The church of the Neumünster Abbey (originally a Romanesque basilica of the 11th century) was built over the burial place of St. Kilian and his companions, who were murdered here as missionaries in 689. In 1250, after extensive remodeling, the octagonal bell tower was added, and in 1614 the church was vaulted. After the demolition of the western part in 1711, the baroque dome and the concave facade made of red sandstone were created, which is considered one of the greatest works of the German baroque.
During the air raid on Würzburg on March 16, 1945, the structural substance was preserved. Most of the interior furnishings burned, but there are still some outstanding individual works from the Middle Ages and the Baroque period.
Kilian, Kolonat and Totnan, copies of the Riemenschneider wooden figures by Heinrich Schiestl in the Neumünster church, Würzburg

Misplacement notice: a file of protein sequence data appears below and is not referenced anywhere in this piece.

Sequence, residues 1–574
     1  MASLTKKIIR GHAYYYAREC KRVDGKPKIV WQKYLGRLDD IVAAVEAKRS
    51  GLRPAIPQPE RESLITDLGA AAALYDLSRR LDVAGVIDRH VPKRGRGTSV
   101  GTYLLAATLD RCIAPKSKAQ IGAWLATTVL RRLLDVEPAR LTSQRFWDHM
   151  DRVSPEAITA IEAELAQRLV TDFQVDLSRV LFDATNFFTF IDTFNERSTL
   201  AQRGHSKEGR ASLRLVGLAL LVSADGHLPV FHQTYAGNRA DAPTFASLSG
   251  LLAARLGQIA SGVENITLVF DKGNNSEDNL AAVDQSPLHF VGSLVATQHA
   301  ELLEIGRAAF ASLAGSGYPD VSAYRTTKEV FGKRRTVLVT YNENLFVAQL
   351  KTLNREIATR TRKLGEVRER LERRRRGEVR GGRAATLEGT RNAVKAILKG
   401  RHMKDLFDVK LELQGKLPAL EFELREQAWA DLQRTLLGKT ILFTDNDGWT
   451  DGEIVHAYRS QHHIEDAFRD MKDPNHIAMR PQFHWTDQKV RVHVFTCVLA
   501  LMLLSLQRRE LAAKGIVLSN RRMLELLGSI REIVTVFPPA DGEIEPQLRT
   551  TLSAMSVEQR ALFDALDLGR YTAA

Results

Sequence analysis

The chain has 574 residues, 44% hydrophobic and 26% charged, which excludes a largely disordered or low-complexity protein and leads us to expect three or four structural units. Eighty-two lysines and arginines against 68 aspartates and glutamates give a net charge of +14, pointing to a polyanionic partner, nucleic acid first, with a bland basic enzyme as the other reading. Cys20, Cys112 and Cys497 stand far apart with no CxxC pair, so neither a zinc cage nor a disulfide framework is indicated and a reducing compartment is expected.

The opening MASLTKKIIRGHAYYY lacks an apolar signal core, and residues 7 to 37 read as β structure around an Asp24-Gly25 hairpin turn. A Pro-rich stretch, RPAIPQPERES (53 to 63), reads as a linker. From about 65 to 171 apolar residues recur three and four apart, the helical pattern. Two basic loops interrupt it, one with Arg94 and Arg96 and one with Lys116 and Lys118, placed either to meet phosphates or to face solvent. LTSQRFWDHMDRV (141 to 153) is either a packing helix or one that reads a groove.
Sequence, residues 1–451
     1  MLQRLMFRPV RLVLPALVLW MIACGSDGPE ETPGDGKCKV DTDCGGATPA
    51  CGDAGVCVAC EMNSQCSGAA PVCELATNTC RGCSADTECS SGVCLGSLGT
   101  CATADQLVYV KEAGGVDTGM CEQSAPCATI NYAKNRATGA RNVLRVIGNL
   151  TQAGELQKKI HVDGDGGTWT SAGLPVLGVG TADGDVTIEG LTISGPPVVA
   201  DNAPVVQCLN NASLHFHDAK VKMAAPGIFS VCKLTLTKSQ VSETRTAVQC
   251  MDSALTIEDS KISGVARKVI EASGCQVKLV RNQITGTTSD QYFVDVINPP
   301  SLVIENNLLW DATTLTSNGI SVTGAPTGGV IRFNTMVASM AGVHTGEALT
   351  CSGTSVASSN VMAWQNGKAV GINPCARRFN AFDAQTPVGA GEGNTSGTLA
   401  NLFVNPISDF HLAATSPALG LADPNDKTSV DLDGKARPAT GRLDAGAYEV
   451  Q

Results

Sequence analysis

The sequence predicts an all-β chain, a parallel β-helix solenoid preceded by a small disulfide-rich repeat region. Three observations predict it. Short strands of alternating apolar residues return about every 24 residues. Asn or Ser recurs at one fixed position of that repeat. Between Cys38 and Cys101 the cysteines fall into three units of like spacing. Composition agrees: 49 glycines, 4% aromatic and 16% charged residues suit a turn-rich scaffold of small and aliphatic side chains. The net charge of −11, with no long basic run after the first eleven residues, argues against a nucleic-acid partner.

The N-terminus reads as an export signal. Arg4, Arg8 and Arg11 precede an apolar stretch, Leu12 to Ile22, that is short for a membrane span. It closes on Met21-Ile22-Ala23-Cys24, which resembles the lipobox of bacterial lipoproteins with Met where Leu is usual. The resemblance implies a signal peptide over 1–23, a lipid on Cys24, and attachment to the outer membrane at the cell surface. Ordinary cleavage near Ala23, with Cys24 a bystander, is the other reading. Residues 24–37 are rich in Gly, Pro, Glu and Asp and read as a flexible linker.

Kilian, of Iro-Scottish descent, came to Würzburg in 686 AD with his companions Kolonat and Totnan, He preached and missionized. In the process, he also converted the pagan Franconian Duke Gozbert and his entire family. He even got Gozbert to separate from his companion Gailana, because she had been married to Gozbert's brother before. The latter, enraged by the separation, hired an assassin and had the bishop murdered along with his companions (ca. 689). Their bodies were buried along with the sacred utensils and the precious Kiliani Gospels.
In 788, in the presence of Charlemagne, his bones were transferred to the cathedral built as a burial place in Würzburg, whose successor building is today's Neumünster with Kilian's tomb.
In the Lusamgärtlein (a small walled courtyard, formerly called Grashof) behind the Neumünster is the grave monument of Walther von der Vogelweide.